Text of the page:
would create 47 apartments in the 3400 block of W. Villard Ave. It
would be among a small but growing group of U.S. apartment developments
that combine senior housing with kid-friendly features. The idea is to
put children from broken homes into a stable environment, said Chris
Laurent, of the development firm Gorman & Co.
Wis.-based Gorman, which has built several apartment complexes in the
Milwaukee area, and Northwest Side Community Development Corp., a
neighborhood nonprofit group, would develop Villard Square.
would be the first Milwaukee apartment building specifically marketed
to grandparents who are the main caretakers for their grandchildren,
said Laurent, Gorman's Wisconsin market president. Similar apartments
have been built in Chicago, Boston, New York and other cities.
a strong demand for such housing in Milwaukee, Laurent said. According
to the 2000 census, there were 7,052 grandparents in Milwaukee who were
responsible for their grandchildren.
During the symposium, panelists discussed the pros and cons of improving the public transportation system in Milwaukee. Featuring Rob Henken, president of the Public Policy Forum and Anita Connelly, CEO of the Milwaukee Co. Transit System, as panelists, the symposium is now available to you in full, exclusively on AmericanCity.org.
With all due sympathy for the circumstances of George Torres's exit from Franklin's Plan Commission (illness forced him to resign), a letter like the one he wrote to the Milwaukee Journal Sentinel doesn't make me want to lead a rally for his return:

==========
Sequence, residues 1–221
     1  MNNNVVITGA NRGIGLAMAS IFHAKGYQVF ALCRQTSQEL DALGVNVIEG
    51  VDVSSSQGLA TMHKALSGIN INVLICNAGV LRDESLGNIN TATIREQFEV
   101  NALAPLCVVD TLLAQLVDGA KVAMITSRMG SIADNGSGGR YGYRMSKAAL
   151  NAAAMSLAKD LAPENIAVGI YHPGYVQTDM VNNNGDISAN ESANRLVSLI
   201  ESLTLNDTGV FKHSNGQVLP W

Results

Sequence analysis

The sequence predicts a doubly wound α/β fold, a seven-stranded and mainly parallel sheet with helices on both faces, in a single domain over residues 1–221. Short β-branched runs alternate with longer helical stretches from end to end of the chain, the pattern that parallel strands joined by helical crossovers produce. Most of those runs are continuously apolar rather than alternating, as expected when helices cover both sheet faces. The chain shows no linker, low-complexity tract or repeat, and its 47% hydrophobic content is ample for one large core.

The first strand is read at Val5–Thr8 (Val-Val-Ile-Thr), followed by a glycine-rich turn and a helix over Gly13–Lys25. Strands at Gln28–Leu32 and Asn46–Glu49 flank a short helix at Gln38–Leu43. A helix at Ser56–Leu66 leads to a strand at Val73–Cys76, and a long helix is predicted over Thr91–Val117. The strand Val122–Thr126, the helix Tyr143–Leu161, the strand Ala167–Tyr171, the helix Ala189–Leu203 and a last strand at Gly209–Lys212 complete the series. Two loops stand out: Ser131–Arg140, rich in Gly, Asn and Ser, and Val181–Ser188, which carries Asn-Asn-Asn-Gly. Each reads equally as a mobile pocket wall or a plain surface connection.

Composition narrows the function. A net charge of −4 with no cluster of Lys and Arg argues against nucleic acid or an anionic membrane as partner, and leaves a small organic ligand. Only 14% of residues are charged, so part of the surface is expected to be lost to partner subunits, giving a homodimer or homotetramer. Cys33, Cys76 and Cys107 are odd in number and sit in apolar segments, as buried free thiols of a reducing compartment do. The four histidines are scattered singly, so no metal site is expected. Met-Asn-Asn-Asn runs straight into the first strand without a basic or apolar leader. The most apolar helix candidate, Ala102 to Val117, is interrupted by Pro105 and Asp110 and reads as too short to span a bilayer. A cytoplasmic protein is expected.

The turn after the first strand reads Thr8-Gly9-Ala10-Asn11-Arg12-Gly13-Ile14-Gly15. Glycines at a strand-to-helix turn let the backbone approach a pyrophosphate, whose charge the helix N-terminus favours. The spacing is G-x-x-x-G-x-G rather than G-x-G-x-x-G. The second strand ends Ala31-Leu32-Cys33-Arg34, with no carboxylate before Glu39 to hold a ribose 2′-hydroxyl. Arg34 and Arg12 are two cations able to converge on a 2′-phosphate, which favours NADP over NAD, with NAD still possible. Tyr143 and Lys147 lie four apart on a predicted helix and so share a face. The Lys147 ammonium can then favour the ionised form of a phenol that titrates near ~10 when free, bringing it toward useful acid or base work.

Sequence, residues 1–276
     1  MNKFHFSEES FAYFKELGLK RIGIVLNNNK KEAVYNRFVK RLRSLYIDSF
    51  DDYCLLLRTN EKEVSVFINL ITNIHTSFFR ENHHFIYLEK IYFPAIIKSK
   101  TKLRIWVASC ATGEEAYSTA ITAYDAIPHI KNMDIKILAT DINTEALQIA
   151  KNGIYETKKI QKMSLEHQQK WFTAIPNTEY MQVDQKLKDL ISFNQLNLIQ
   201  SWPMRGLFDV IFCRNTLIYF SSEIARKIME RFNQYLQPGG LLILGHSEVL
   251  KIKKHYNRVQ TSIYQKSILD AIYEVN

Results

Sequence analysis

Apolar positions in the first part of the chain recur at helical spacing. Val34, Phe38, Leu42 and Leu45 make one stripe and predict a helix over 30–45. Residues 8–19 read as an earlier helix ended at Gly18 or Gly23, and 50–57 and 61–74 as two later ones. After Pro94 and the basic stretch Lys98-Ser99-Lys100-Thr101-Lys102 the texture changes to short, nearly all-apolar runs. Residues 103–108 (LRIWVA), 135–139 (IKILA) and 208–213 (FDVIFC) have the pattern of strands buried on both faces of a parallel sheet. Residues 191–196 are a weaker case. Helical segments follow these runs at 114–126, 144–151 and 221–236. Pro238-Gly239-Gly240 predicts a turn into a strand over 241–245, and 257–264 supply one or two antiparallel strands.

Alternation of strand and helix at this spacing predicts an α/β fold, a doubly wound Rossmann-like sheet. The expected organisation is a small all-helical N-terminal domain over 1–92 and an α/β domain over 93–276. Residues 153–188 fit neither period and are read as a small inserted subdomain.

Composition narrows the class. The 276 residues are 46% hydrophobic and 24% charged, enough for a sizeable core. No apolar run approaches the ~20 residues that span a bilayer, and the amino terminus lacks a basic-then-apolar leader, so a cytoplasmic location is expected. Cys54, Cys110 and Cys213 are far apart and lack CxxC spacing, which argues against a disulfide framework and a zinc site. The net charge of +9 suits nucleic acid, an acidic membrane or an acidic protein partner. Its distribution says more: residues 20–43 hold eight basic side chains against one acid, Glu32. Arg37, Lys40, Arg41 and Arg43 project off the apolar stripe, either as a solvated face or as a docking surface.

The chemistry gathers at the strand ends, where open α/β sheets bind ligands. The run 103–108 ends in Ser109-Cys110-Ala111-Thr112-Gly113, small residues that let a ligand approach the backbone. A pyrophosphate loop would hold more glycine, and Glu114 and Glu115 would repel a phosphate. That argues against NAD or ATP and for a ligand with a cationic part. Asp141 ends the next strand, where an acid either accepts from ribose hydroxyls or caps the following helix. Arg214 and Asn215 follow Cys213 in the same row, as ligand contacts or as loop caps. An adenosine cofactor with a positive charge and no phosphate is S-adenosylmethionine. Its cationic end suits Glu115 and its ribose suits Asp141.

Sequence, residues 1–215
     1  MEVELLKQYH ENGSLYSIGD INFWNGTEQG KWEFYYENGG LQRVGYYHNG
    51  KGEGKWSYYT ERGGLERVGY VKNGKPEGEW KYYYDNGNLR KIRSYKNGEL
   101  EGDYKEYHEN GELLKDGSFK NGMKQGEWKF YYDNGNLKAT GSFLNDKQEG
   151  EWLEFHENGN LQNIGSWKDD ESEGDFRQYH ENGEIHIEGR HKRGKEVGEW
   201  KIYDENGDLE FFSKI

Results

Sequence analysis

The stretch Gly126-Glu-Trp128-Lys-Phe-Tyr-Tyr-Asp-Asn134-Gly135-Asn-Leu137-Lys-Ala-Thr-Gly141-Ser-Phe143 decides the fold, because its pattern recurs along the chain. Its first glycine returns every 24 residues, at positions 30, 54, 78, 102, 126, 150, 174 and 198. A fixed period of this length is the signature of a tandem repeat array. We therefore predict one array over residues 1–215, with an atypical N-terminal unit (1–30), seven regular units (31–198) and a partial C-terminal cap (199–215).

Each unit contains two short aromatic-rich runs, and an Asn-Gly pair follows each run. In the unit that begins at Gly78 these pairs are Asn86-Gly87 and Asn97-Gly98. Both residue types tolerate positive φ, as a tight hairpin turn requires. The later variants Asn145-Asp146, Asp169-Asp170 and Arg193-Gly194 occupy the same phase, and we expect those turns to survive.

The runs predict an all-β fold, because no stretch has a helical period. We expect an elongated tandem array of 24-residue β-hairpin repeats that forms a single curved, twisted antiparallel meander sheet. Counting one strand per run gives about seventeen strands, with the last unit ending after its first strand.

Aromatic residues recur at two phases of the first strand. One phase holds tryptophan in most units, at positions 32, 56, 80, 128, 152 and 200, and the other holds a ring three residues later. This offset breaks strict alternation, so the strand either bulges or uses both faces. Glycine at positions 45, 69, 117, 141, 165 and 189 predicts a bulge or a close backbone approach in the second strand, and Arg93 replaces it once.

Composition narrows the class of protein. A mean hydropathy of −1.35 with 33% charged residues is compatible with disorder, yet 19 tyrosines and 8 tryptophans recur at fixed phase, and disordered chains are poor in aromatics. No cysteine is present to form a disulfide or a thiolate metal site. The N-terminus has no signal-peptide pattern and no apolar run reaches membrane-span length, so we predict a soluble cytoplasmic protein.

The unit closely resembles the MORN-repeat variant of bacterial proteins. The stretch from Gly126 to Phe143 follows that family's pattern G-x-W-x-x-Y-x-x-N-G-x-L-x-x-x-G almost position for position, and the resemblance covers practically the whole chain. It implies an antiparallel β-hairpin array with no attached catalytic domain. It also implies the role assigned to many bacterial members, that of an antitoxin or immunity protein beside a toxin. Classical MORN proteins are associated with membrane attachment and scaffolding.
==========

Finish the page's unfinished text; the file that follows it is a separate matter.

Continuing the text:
Walker's transit plan makes good sense
Milwaukee County Executive Scott Walker supports a strong transit system. He told the Milwaukee County Transit System to submit a balanced budget for 2009 that did not cut routes or raise fees. The good news is that transit officials met that challenge.
Looking ahead, Walker has a plan to provide a long-term funding source for the transit system by pursuing a plan at our airport that is similar to the plan being approved by Chicago for Midway Airport. Chicago Mayor Richard Daley already has received $1.8 billion for the Skyway toll bridge and is anticipating
$3 billion for Midway through a long-term lease. Scott Walker is also seeking to use all of the $91.5 million in federal aid to improve and upgrade the bus system through Bus Rapid Transit. Mayor Tom Barrett's plan for a streetcar system in a three-mile radius of downtown Milwaukee would cut $3 million in state and federal aid from the bus system. BRT is the better plan for the future.
George A. Torres Milwaukee County, Director of Transportation & Public Works Milwaukee
In other news: Amy Winehouse's lifestyle should serve as a template for all others.
Readers of this blog may recall the name; George Torres was the sitting plan commissioner who felt comfortable writing a letter dated 1/2/07 to WISDOT in support of developer Mark Carstensen's Shoppes at Wyndham Village strip mall before seeing any definitive plans and before